To produce a model of infectious peritonitis, an abdominal incision was made under isoflurane anesthesia, followed by ligation of the cecum and then two puncture wounds made using a sterile 18 gauge needle. Great care was taken to minimize the handling of the intestines and to produce a uniform abdominal wound. No feces were expressed nor were antibiotics administered. Four treatment groups were evaluated: sham (n = 8, saline, abdominal incision with minimal manipulation of intestine but without perforation); control (n = 14, cecal ligation and perforation [CLP] followed by saline); EPO (n = 8, CLP followed by EPO 10 µg/kg-bw; ~250 pmol/kg-bw); and CEPO (n = 14, CLP followed by CEPO 10 µg/kg-bw). Compounds or saline were administered intravenously by tail vein once immediately following manipulation of the intestine, and then continued daily by intraperitoneal doses. Animals were scored daily for signs of illness by noting the presence (+1) or absence (0) of the following twelve criteria: piloerection, immobility, inability to hold onto an inclined corkboard, inability to use claws, assuming hunchbacked posture, abnormal gait, lack of exploration of surroundings, unable to grasp a string within 30 sec, diminished reflexes, lack of appetite, weight loss, or moribund. Animals were either euthanized when and if appearing moribund or followed for 8 d after the procedure and then killed. Immediately following death, the abdomen was opened and adhesions scored using the scale of Bothin et al. (25).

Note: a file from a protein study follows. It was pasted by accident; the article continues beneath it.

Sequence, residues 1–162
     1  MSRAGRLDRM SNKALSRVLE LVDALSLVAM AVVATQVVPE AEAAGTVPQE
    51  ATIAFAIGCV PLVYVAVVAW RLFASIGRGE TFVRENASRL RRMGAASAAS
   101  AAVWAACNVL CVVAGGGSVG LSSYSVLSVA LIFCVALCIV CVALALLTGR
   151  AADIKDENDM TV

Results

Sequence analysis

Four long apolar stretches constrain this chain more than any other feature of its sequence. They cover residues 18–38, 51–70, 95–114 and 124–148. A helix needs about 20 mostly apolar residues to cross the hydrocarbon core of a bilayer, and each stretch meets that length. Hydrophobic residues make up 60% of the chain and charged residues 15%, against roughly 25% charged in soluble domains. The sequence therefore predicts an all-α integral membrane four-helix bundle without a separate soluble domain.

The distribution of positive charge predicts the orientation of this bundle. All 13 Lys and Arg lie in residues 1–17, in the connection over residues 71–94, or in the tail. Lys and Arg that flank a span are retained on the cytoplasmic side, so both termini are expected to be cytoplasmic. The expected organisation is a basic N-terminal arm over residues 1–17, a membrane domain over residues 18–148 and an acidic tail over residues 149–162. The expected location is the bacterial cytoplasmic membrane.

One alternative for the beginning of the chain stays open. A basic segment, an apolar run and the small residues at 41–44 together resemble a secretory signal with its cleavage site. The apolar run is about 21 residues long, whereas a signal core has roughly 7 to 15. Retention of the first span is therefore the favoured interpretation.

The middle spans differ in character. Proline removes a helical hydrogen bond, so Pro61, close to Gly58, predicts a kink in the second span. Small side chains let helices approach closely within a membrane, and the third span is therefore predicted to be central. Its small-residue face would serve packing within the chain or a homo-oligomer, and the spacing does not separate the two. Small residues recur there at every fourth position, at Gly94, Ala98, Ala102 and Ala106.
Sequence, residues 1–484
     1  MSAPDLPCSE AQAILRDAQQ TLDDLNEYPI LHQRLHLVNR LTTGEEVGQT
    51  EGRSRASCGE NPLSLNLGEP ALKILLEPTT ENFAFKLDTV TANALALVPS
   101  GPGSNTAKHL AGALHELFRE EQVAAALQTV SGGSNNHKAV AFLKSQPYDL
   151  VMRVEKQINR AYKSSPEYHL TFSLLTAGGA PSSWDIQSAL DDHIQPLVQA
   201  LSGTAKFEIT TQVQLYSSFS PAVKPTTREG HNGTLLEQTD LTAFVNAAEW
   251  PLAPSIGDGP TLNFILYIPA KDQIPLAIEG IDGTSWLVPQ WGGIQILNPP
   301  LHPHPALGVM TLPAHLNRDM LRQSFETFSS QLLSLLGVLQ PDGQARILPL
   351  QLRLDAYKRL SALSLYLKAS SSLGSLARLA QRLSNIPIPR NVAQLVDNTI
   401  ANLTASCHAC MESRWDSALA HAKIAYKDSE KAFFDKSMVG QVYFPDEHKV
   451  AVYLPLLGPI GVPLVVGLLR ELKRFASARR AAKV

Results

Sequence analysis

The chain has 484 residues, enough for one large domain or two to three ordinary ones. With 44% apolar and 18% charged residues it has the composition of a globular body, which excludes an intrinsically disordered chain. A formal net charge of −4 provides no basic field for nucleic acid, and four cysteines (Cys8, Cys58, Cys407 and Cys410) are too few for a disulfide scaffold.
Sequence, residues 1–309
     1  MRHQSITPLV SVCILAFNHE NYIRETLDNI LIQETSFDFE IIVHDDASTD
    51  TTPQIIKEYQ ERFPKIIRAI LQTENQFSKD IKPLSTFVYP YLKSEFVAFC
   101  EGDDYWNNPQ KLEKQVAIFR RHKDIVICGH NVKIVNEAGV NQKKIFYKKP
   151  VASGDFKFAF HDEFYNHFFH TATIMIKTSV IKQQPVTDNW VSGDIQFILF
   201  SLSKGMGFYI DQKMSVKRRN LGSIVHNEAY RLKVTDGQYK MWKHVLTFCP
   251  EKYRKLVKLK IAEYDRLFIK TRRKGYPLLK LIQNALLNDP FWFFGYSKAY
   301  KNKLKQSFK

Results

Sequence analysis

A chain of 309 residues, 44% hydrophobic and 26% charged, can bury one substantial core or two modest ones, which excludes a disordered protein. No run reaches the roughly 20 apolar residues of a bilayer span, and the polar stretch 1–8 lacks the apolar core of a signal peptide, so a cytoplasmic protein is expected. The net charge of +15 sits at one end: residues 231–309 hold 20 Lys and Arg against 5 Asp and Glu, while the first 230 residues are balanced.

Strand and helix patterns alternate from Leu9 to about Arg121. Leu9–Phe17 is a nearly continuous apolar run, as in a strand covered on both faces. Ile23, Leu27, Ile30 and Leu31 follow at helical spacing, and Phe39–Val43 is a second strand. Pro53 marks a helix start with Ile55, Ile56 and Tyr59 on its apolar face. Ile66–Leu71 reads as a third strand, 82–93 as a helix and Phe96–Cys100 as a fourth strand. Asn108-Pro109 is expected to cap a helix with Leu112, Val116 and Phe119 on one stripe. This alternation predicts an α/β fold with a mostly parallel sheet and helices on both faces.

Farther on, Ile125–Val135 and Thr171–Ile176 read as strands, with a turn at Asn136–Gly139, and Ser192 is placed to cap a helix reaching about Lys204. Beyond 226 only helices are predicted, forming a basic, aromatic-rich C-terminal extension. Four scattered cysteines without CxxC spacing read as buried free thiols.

Wound sizes in different treatment groups were analyzed using nonparametric methods (Mann-Whitney U or Wilcoxon test), by log-rank (Mantel-Cox test), or by repeated measures analysis as appropriate using JMP software (SAS Inc, Cary, South Carolina, USA).
As shown in Figure 4C, animals that received CEPO exhibited an approximate three-fold improved survival rate compared with either the EPO or saline treatment groups. Animals that survived were euthanized at d 8 following the procedure. Interestingly, the severity of adhesions was significantly much worse in the saline group compared with the CEPO group (means of ~ 10 versus 7; Figure 4D). Although the mean adhesion score of the EPO group was less than that of the saline group, the effect did not reach the level of significance. Figure 4E is a representative photograph showing adhesions present in a surviving saline animal compared with one that received CEPO.